This is my list of reference points of where I was before and where I am now:

  1. BEFORE: I can recall when I was around 16, and stayed in England with my aunt’s family for month in the summer and I really struggled to get a whole sentence of English out of my mouth trying to talk to my British uncle, even though in theory I was supposed to know a lot already. AFTER: I’ve spoken English quite confidently for at least seven years.
  2. BEFORE: I also remember the first times I tried reading a novel in English. It was so slow, I couldn’t concentrate, I had to stop and check words in a vocabulary frustratingly often. And I got tired after a few pages. AFTER: Now I read scientific articles for my thesis and wouldn’t think twice about should I read a book in its original English version or not.
  3. BEFORE: In 2009 I was on a week-long language scholarship trip in Sweden, and we went to the movies to see “Män som hatar kvinnor”. I felt like I didn’t understand a word. AFTER: Last year I watched a couple of Swedish films without subtitles, and struggled a bit, but not too much.
  4. BEFORE: Two years ago at my summer job I tried speaking French with a Brazilian guy who’d studied in France, but the conversation practically stopped before it started. And a year ago in Sweden I participated some language cafes to try and speak French, and I was able to say something, but probably sounded like a two-year-old. AFTER: this month, I was able to explain the topic of my Master’s thesis in French (it is rather complicated).
  5. BEFORE: In October I was in St. Petersburg in October, and I actually didn’t even dare to properly try speaking, unless you count reading out loud the Russian name of the food I ordered at a restaurant. AFTER? I’m not sure yet how much my speaking has improved during our tandem practice, but at least I most certainly do dare to open my mouth and try to say something!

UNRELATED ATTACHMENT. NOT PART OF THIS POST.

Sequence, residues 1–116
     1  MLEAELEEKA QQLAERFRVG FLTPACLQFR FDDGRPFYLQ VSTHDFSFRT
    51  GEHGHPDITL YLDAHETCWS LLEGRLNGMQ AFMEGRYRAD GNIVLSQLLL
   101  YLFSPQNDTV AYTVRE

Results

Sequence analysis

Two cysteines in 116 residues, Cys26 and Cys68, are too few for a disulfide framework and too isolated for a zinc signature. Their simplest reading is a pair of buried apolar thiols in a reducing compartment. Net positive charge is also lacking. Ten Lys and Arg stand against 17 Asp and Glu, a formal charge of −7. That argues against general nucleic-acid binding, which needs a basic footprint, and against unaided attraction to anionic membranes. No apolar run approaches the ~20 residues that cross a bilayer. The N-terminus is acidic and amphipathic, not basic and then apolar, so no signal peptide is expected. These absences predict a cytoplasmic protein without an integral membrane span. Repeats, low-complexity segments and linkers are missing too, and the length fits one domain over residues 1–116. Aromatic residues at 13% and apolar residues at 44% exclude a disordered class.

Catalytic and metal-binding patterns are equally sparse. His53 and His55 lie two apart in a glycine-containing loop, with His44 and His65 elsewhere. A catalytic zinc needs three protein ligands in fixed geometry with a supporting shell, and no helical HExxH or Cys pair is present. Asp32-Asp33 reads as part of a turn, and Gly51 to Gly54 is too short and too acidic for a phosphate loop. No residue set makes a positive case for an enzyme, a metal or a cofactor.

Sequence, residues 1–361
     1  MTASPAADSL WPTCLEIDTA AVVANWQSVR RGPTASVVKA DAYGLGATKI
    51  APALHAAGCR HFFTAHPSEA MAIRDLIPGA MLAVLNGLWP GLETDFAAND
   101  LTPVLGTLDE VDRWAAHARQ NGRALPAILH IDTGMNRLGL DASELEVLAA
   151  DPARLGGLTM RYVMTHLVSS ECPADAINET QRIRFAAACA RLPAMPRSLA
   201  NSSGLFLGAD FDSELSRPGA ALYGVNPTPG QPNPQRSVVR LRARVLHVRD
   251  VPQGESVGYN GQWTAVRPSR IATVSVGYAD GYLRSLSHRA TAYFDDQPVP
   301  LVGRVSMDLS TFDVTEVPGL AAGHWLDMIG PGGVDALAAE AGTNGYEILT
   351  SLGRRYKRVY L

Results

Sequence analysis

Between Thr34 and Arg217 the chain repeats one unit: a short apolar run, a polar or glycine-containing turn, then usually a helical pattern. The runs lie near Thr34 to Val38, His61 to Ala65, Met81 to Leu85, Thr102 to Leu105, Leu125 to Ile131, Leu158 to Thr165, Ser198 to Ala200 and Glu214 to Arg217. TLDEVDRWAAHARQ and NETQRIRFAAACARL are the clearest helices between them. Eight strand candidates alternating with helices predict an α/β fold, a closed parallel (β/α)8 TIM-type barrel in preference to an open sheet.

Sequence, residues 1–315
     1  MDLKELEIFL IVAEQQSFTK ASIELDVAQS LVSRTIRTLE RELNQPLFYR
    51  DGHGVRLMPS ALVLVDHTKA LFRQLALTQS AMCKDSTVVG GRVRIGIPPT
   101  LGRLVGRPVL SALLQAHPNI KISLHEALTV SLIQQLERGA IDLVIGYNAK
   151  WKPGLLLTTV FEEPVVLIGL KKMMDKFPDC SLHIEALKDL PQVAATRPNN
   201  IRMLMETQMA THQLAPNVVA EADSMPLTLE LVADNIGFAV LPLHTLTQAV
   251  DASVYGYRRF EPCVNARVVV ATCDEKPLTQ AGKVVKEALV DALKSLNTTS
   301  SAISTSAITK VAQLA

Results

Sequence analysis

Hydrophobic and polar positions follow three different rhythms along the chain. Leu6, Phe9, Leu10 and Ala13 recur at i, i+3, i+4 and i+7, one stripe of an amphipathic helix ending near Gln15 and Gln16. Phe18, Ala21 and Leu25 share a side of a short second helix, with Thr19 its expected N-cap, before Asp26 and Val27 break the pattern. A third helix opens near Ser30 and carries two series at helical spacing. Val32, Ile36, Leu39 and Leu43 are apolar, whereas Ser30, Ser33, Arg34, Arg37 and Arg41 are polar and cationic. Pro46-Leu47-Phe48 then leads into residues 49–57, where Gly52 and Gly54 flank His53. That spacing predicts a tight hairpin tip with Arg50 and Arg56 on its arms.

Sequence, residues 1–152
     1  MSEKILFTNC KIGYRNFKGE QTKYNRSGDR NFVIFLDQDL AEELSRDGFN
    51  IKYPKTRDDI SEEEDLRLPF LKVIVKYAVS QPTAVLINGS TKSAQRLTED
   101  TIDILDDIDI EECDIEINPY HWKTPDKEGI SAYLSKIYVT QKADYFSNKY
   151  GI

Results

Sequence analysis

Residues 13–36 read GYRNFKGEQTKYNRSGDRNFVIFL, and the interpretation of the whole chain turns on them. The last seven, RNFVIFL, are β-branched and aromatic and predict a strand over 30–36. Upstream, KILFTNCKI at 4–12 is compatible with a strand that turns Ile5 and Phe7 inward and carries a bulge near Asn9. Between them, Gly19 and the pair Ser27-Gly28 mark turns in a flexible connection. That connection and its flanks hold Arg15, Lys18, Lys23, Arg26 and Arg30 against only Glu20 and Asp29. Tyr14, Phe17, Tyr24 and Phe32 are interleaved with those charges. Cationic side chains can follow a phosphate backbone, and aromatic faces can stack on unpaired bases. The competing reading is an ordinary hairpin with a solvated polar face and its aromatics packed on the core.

Quite an amazing feeling, to realise all this. May the list get longer as I keep going!

Before and after… but after what?

Besides reminding me about the fact that I have succeeded before and I can do it again, there is another important purpose for the list above.

You know those “Before vs. After” pictures of people who lost half of their weight in no time with a super diet or training program? This Before and After list, I assure you, is not like that. What happened between Before and After here, was not a magical intense language course or program I paid a lot of money for. None of these happened overnight.

How did I make it? At least for numbers 1 and 2, it took years of practice and being forced to use English in my studies and immersing in it in my free time via films and music etc. For number 4, it took a lot of defrosting of what I’d learned in school, with a 1000 Goldlisted words, maybe 200 lessons (and reviewing them continuously) on Babbel and at least 60 hours of audiobooks.

So the list should remind me of not only where I’ve gotten so far, but also what it takes to get there: hard work, time, patience and persistence.

What is on your list? How do you know you’ve made progress? I recommend giving that some thought! Even if you are learning your first foreign language, pay attention to the small things that tell you you are moving forward. Start building your list of language victories. It will get longer and longer!